Y. Minets

Yuliya Minets

Postdoctoral Research Fellow in Hellenic Studies, Supported by the Committee for the Study of Late Antiquity, 2018-2019

Degree
Ph.D., Early Christian Studies, Catholic University of America, 2017
Dissertation
The Slow Fall of Babel: Conceptualization of Languages, Linguistic Diversity and History in Late Ancient Christianity
Research Project
The Slow Fall of Babel: Languages and Identity in Late Ancient Christianity

Yuliya Minets studies intellectual and social processes in Late Antiquity with special attention to the history of early Christianity, the relationship between its different branches, and their connections with traditional Greco-Roman culture, Rabbinic Judaism, and later with Islam. She received her BA and MA in history from the National University of “Kyiv-Mohyla Academy” and MA in Medieval studies from the Central European University. Her first dissertation, supported by the Dumbarton Oaks Fellowship, analyzed the narrative strategies that Palladius of Helenopolis, an important early Christian writer, employed in his works, the Dialogue on John Chrysostom and the Lausiac History; it used reader-response criticism in order to explain why one author could produce two such disparate compositions. After she received a degree of Candidate in History (Kyiv, 2011), the PhD program at the Catholic University of America became an opportunity to expand the vision of Christianity through the study of the Syriac and Coptic languages. This raised her interests in problems of multilingualism and language contacts in the past and brought her to the current project.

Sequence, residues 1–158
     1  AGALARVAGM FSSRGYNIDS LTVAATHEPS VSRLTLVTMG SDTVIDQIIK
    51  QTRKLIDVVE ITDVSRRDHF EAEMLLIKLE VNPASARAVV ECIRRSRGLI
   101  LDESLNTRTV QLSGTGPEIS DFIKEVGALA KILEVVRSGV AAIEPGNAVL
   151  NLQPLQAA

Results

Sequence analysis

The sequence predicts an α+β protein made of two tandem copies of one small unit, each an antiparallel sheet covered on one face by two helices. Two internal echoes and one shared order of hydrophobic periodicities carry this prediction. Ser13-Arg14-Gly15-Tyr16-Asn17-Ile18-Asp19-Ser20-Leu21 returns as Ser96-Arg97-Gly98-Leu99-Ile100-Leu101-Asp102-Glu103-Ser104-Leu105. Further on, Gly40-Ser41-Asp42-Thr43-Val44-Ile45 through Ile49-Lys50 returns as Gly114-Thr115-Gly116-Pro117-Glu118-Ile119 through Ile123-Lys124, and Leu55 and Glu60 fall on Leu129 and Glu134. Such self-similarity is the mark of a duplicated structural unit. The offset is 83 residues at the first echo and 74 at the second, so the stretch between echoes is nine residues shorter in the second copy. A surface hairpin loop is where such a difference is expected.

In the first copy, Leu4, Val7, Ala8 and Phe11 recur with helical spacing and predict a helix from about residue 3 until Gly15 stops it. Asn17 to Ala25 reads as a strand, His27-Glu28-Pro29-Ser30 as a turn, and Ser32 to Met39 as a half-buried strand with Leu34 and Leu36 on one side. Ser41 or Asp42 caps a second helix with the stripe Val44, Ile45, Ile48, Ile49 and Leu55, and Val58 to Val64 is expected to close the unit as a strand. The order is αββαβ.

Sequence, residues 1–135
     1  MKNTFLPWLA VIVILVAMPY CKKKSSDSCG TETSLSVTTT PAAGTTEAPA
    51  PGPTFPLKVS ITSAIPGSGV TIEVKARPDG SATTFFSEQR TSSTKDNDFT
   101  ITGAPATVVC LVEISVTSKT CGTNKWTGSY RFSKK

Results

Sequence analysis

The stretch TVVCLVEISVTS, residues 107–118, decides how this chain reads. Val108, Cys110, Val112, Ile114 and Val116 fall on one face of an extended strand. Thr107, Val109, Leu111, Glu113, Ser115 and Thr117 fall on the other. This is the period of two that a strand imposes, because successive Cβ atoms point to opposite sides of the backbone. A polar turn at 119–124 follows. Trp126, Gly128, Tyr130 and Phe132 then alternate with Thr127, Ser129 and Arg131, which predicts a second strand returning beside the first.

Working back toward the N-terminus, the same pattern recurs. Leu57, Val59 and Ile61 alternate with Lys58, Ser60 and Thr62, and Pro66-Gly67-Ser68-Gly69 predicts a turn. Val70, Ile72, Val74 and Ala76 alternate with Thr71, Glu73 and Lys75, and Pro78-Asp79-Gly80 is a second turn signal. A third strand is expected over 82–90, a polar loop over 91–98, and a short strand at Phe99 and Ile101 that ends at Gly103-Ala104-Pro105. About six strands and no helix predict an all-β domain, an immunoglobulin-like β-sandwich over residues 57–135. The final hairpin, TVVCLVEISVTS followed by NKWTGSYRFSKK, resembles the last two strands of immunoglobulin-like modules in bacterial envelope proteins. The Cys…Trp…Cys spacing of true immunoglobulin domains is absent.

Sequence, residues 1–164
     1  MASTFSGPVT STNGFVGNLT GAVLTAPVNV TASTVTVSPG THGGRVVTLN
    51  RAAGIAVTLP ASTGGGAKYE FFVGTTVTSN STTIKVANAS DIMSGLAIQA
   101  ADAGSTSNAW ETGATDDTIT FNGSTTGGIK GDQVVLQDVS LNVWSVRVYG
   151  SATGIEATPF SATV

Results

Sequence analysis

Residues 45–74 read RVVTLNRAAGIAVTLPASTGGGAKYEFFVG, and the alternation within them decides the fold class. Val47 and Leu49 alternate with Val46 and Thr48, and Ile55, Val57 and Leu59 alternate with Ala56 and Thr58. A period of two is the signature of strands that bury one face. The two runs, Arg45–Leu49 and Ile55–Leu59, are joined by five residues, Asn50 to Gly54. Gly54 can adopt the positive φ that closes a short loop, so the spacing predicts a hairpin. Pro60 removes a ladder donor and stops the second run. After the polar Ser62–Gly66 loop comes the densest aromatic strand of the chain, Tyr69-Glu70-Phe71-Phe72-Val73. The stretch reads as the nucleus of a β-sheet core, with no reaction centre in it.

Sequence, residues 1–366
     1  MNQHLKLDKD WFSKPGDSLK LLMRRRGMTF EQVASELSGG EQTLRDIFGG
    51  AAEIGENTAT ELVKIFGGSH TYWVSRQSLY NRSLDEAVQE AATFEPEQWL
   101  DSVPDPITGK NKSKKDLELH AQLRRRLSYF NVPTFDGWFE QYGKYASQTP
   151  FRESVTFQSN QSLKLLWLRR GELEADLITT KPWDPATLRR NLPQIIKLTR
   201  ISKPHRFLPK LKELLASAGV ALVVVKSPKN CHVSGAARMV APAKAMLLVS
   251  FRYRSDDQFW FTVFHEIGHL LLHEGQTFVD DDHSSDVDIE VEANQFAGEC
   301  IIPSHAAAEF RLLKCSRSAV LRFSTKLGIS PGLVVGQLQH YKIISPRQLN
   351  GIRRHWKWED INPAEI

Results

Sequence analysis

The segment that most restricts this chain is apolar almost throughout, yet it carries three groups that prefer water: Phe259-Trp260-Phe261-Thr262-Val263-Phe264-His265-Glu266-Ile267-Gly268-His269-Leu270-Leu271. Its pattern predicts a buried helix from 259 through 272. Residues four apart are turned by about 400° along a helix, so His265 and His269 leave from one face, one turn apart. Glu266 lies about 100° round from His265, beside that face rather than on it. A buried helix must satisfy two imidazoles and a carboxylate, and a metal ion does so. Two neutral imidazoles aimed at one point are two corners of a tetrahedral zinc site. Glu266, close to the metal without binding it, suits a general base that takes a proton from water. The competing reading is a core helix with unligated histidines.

About the Research Project
The Slow Fall of Babel: Languages and Identity in Late Ancient Christianity

I am working on my book “The Slow Fall of Babel: Languages and Identities in Late Antique Christianity. The project seeks to expand the original scope of my dissertation, to explore early Christian ideas on languages, linguistic history and diversity, and to investigate how different languages and language-related socio-cultural stereotypes influenced the formation of distinctly Christian and specific confessional identities in the Western and Eastern Mediterranean, Europe and the Near East. I argue that Christianity in Late Antiquity became an unprecedented cultural and social factor that stimulated an ever-increasing engagement with foreign languages and traditions among Christian intellectuals and ruling elites. I trace how the role of language as a factor of group identity changed in Late Antiquity under the growing influence of Christianity and how different these processes were in the Greek, Latin, and Syriac milieux.